What does an integer have to be?

- No matter how you extend $\mathcal{Q}$, the integers which lie in $\mathcal{Q}$ must lie in $\mathcal{Z}$.
- If $\alpha$ is an integer, then so are its conjugates.
- The sums and products of integers are also integers.

From this we may describe what an algebraic integer must be.

Start with a root $\alpha$.

Look at all of it’s conjugates. $$\alpha, \alpha’, \alpha”, …$$ By conjugates, I mean the elements that have the same minimal polynomial as $\alpha$ (that is, the elements that cannot be distinguished).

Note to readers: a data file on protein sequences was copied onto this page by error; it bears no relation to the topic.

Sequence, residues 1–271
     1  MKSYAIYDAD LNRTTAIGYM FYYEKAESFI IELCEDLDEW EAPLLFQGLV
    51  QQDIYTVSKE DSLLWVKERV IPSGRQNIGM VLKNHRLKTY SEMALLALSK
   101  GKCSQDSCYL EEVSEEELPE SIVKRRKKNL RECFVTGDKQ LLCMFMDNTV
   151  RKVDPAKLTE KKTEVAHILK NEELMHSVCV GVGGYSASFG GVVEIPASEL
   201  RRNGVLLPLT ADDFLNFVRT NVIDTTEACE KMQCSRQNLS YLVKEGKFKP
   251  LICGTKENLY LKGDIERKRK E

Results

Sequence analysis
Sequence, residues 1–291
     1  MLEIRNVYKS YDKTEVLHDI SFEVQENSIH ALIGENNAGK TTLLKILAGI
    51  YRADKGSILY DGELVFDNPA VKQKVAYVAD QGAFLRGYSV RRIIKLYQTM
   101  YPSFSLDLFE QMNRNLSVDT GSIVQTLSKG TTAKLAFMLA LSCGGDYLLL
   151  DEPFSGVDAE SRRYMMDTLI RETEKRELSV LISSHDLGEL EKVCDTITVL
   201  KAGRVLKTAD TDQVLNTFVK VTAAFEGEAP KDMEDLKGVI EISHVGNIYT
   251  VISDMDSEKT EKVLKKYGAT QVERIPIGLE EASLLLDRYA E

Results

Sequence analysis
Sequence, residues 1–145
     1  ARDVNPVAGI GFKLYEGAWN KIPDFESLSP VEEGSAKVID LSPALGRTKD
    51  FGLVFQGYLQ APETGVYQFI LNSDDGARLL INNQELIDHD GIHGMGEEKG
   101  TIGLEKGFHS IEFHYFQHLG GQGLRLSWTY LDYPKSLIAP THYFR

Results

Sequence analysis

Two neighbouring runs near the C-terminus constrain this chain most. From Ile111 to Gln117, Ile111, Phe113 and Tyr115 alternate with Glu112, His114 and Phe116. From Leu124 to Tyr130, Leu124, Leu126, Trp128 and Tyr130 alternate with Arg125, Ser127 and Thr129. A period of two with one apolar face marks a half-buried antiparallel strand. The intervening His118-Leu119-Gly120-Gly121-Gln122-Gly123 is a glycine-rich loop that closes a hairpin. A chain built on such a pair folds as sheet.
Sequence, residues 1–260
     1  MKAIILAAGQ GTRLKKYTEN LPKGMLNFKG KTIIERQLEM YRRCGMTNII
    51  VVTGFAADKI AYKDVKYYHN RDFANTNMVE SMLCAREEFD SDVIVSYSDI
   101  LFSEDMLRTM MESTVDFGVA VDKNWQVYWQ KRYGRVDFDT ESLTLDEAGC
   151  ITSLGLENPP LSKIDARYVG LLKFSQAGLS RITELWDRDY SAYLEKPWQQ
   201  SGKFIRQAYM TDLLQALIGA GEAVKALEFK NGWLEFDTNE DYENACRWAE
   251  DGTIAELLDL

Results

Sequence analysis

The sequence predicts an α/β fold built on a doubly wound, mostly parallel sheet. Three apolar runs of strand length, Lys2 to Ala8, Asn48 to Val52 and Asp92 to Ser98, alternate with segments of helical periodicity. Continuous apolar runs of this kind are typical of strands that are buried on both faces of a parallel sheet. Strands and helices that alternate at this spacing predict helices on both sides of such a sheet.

Look at all products and sums of $\alpha, \alpha’, \alpha”, …$.

Look at symmetric polynomials in $\alpha, \alpha’, \alpha”, …$. Things that are symmetric in the roots must have quadratic coefficientsÂ (by the fundamental theorem of Galois theory wrt symmetric polynomials), and it must be integral because sums/products of integral things must be integral. So, by Vieta, the minimal polynomial must be monic.

*Thanks to Aaron Slipper and Hecke.*

As you said algebraic concepts will be obtained with this integer. Keep on posting detailed concept of polynomial integration. Thanks for this post